3. I am an expat in the US so your experiences of ‘culture shock’ are interesting. I never knew before I moved that culture shock is indeed a real psychological and physical condition.

    • It is indeed. We were fortunate we had my husband and in- laws who helped us through the transition. They made moving here so much easier. Good luck with your life here in the US, Karen. I wish you and your family all the best.

    • I’m glad you were able to relate to my culture shock experience. It’s concerning how sometimes we take these things for granted. But it’s really not just about what we experience but how we cope and help others with the transition too. Thank you for being here.

  4. thanks for sharing your thoughts and insights. The culture shock goes both ways, however I don’t think I had culture shock when I went to the Filipines. more like adjustments. Most things i discovered were very positive tho. the generosity and care and concern that i experienced were so nice. I wasn’t used to being treated so well ever before in my life. I wasn’t allowed to sweat or someone would wipe my face and back and chest. Constantly fanning me. serving me food first. I think I shocked everyone because I always ate with my hands. I loved every dish and type of food I had. The love for family, tradition and God is something that every country and culture should look to the Philippines to emulate. I fell in love first with my fiance. second with her family. And third with the whole country. I love all the cultural differences and will never try to change even her language, accent or beliefs. I love it when she says open the lights or a hundred other expressions and words. It gives me better understanding of the Waray language. I hope I’m the one who changes. I never want her to change anything about herself.

    • I totally agree Mike culture shock goes both ways. And I have to say that falling in love with a foreigner is a beautiful experience but it can also be challenging. There’s the possibility of a long distance relationship and there are cultural differences to contend with among others. But looks like you are adjusting well to the Filipino culture and even embracing it as if it was your own and for that, I would like to say thank you. 🙂

  5. I was so shocked too when I first moved here to the united states. It was all so knew and exciting and weird at the same time. But eventually I got used to it and I started missing my family back in the Philippines. I also didn’t realize that $1 there is 50 pesos there. It was so interesting. Anyways I love it here now.

    • It’s truly shocking how different these two countries are. And guess what, we are experiencing the best of two worlds. I’m happy you were able to adjust well in the US and that you’re loving it here now! 🙂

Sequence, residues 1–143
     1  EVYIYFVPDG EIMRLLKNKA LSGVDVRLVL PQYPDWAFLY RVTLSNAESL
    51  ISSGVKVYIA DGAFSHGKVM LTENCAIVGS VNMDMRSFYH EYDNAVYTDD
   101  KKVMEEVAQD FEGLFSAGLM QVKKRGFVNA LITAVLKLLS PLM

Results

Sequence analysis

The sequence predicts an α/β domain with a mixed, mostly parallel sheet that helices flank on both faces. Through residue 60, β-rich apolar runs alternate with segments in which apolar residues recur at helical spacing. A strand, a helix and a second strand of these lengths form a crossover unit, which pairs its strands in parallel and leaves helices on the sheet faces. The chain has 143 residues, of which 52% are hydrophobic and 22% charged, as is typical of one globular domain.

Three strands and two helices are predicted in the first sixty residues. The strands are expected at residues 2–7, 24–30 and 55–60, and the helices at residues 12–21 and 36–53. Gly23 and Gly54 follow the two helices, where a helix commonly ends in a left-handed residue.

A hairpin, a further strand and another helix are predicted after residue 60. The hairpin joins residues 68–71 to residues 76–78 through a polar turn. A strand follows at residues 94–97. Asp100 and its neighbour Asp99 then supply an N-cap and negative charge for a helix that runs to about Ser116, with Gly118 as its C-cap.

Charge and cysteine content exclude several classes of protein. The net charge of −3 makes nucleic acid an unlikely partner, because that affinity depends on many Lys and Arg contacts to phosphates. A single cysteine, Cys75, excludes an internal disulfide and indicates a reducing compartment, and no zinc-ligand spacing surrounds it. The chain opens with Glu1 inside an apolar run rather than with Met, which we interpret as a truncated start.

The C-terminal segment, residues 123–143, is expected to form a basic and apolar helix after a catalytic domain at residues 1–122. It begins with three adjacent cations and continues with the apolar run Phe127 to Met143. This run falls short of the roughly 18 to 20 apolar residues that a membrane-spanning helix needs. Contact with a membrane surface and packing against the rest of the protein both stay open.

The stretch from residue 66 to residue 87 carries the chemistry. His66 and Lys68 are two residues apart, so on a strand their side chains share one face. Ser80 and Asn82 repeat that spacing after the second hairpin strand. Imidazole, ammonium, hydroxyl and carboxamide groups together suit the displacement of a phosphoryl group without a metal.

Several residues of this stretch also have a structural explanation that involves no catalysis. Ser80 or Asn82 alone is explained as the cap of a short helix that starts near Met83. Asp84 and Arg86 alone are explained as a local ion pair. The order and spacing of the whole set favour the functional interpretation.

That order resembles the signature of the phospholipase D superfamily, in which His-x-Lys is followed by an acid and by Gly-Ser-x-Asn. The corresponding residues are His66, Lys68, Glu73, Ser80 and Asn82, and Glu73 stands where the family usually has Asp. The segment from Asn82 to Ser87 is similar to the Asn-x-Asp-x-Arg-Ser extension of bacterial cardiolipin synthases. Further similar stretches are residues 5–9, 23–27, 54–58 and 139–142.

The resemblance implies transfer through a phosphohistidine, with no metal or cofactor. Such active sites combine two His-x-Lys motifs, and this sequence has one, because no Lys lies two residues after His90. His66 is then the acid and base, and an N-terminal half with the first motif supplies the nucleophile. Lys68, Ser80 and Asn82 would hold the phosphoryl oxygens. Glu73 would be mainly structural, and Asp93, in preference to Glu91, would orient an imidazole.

6. I love your insight! We lived for 17 yrs in the US and just came back home to the Philippines for good. True that there are a lot of differences and it’s inspiring to put the positive we find there in the US to apply in the Phils. One thing we found we could learn is a simple gesture when we eat at fastfood restaurants. In the US you get a table after you have ordered; thus, giving time for people ahead to eat and finish their meal. Here in the Philippines, we’re used to getting or what we call “saving” our seats prior to getting our food. So it isually ends up that there are people already occupying tables doing nothing while those who have their food already on their hands have no table available. Maybe there’s a better explanation why Filipinos do this here in the Philippines?

    • I totall agree! Now that we know, it is our responsibility to provide a good example to our fellow Filipinos back home. It will take time but for sure people will learn..eventually.:) I hope you don’t experience the reverse culture shock as what most Balikbayans lovingly call it. 🙂 I wish you and your family all the best. Thank you for being here Cherry. 🙂

    • Everytime someone visits from the Philippines for the first time we usually take them to In-n-Out first. It became like a tradition for us. 🙂

  7. very interesting, how can you get this much time to pointing this all about ..great..I will also try to do this ..and really inspired from you..

  8. I can imagine it must be a huge culture shock moving to another country. For the record, Americans view lawyers as unethical too, and its not just the advertisement.

    • I was actually the same way. I thought I would just blend into another culture with ease. Yes, it took a while but like you, we were able to get by 🙂

  9. I don’t have any culture shock experiences. Reading yours, I can see how we (Americans) can shock other people from other countries. I love the different cultures all over. It is cool to see and hear the differences.

  10. Great post. I can totally relate to this as I was an expat for many years. America is a well diverse place to live, total freedom of speech country. But at the same time, a well diverse place can also be difficult to adapt in so many ways, similar to what you’ve said in your post. Just be open-minded and try to adapt to the locals and you will have a more easy transition. Good Luck!

  11. Great post. I had never thought of this before. I was born in Puerto Rico, but have lived in USA for such a long time. It’s easy to take things for granted. I’m glad you are enjoying it here and have grown to like it.